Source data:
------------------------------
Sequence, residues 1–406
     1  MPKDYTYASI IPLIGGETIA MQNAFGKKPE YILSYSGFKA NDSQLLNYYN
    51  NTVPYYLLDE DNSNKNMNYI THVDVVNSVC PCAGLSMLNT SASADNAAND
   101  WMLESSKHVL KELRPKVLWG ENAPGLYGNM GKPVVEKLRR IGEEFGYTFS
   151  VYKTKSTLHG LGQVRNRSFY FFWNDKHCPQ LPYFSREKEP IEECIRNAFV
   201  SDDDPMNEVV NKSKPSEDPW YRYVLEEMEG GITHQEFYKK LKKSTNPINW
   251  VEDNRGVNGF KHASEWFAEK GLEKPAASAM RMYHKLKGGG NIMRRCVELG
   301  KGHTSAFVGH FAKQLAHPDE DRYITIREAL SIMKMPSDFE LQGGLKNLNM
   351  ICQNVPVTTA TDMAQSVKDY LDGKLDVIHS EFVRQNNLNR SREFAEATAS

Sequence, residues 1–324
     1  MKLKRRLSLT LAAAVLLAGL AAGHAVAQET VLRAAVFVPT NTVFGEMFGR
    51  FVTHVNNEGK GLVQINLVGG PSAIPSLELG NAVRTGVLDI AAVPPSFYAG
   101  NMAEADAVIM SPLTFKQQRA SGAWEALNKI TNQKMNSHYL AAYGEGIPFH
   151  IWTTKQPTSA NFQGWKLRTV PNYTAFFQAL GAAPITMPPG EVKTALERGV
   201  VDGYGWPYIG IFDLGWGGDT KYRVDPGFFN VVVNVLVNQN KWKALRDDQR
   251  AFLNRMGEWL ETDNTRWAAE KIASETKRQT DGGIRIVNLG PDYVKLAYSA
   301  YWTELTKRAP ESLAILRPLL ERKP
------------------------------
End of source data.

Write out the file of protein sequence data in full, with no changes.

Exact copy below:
Sequence, residues 1–406
     1  MPKDYTYASI IPLIGGETIA MQNAFGKKPE YILSYSGFKA NDSQLLNYYN
    51  NTVPYYLLDE DNSNKNMNYI THVDVVNSVC PCAGLSMLNT SASADNAAND
   101  WMLESSKHVL KELRPKVLWG ENAPGLYGNM GKPVVEKLRR IGEEFGYTFS
   151  VYKTKSTLHG LGQVRNRSFY FFWNDKHCPQ LPYFSREKEP IEECIRNAFV
   201  SDDDPMNEVV NKSKPSEDPW YRYVLEEMEG GITHQEFYKK LKKSTNPINW
   251  VEDNRGVNGF KHASEWFAEK GLEKPAASAM RMYHKLKGGG NIMRRCVELG
   301  KGHTSAFVGH FAKQLAHPDE DRYITIREAL SIMKMPSDFE LQGGLKNLNM
   351  ICQNVPVTTA TDMAQSVKDY LDGKLDVIHS EFVRQNNLNR SREFAEATAS

Sequence, residues 1–324
     1  MKLKRRLSLT LAAAVLLAGL AAGHAVAQET VLRAAVFVPT NTVFGEMFGR
    51  FVTHVNNEGK GLVQINLVGG PSAIPSLELG NAVRTGVLDI AAVPPSFYAG
   101  NMAEADAVIM SPLTFKQQRA SGAWEALNKI TNQKMNSHYL AAYGEGIPFH
   151  IWTTKQPTSA NFQGWKLRTV PNYTAFFQAL GAAPITMPPG EVKTALERGV
   201  VDGYGWPYIG IFDLGWGGDT KYRVDPGFFN VVVNVLVNQN KWKALRDDQR
   251  AFLNRMGEWL ETDNTRWAAE KIASETKRQT DGGIRIVNLG PDYVKLAYSA
   301  YWTELTKRAP ESLAILRPLL ERKP